However, if you have a .223 Remington rifle (which is not as common as it used to be, but they still exist), you cannot, cannot shoot a 5.56 NATO round out of it. It's gonna be a bad day for you if you do.
So, yes to a .233 in a 5.56 barrel. No to a 5.56 in a .223 barrel.
Now that we've discussed bullet cartridges or ammo, let's talk about where they're stored, which is the AR-15 magazines. Now it is important to know that there is no such thing as an AR-15 clip. A lot of people will use the terms interchangeably but that's not correct. A clip is designed for a different type of rifle. The only system that works in an AR-15 platform are magazines.
What To Look For in an AR-15 Magazine
So when you're looking at AR-15 magazines, there's really two things you want to look at: durability and performance.
When it comes to durability, you have to understand that the magazines of your AR-15 are going to take a lot of punishment. Whether they're at training courses, whether you are out hunting, or maybe you're just having fun at the range, you're gonna wanna pick higher quality AR-15 magazines that aren't gonna break on you.
The second thing you want to look at when it comes to AR-15 magazines is performance. Now, despite the fact that they all look the same, there is a difference in quality and that quality is going to give you better performance when it comes to using your AR-15 because the last thing you want is the object that feeds the ammo into your gun to not work in less than ideal circumstances.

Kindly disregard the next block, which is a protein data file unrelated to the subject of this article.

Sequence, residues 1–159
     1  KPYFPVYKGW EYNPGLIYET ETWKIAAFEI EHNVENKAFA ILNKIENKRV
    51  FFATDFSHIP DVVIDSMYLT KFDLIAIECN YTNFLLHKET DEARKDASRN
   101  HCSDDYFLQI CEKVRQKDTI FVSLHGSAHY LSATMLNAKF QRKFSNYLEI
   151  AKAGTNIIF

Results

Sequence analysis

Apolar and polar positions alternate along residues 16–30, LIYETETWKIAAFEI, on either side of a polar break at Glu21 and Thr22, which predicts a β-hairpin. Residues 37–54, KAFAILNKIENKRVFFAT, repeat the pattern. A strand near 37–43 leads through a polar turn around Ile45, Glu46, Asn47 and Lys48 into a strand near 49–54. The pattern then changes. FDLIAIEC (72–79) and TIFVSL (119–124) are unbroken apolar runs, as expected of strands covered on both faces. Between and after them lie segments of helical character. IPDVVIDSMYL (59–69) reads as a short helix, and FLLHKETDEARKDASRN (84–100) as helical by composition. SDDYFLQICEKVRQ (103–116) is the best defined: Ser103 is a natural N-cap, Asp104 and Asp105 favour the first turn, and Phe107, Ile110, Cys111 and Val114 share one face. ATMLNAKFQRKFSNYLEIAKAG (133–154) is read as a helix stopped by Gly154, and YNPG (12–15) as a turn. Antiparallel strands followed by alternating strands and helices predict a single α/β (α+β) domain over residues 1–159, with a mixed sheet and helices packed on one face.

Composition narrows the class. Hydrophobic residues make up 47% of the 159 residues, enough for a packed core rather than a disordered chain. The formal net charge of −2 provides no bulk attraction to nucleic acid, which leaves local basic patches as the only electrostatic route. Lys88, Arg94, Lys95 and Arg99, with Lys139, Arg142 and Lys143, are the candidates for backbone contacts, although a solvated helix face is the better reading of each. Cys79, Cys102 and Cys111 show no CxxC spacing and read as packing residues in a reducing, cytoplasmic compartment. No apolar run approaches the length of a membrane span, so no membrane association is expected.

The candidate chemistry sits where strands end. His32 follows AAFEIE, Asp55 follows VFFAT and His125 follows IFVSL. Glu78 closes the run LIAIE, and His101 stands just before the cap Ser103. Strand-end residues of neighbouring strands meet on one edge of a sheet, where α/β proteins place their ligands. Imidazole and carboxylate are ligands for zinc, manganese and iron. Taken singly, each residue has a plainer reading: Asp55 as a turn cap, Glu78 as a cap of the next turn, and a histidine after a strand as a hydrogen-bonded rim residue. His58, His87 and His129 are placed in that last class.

When we talk about the performance, we talked about performing in less than ideal circumstances, that's gonna come down to build material and quality. So durability and performance are going to be linked together in the type of magazine that you choose.
Choosing an AR-15 Magazine
The gold standard for a AR-15 magazines is the Magpul PMAG. Whether it comes to durability performance and value, the Magpul PMAG has carved itself out as the standard bearer for the AR-15 magazines. Some are more expensive, some are less expensive, but when it comes down to it, most people will tell you that the Magpul PMAG is the best one out there.
Now, this doesn't mean you can't try other magazines, just understand that if you go for a cheaper magazine it may run fine, but the first time it drops to the ground it may break. So you've wasted your money there. And when it comes to more expensive magazines, the build quality may be a tiny bit better, but if it runs flawlessly like a Magpul or some of the other mid-tier brands, then you're really wasting your money on the name and nothing more.
Magpul PMAG® 30 AR/M4 GEN M3® Window. Image from Magpul.
And that's it for this video. We've discussed what a bullet cartridge is, different types of AR-15 ammo, and the magazines that are used to hold them.
My name is Rick Barrett coming to you from the STNGR Workshop. I hope you enjoyed this video and I'll talk to you soon.